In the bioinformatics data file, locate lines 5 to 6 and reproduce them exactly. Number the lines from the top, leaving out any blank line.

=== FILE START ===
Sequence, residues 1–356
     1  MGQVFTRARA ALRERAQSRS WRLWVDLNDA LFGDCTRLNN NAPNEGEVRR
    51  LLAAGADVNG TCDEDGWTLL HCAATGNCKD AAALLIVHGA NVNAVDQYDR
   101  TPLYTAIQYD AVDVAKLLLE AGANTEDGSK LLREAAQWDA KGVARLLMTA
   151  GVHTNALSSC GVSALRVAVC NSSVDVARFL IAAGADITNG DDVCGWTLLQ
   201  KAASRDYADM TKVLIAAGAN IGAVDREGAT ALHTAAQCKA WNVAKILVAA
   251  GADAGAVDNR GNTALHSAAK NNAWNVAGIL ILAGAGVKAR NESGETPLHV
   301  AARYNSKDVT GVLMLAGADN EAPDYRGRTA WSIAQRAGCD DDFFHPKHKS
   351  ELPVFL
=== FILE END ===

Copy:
   151  GVHTNALSSC GVSALRVAVC NSSVDVARFL IAAGADITNG DDVCGWTLLQ
   201  KAASRDYADM TKVLIAAGAN IGAVDREGAT ALHTAAQCKA WNVAKILVAA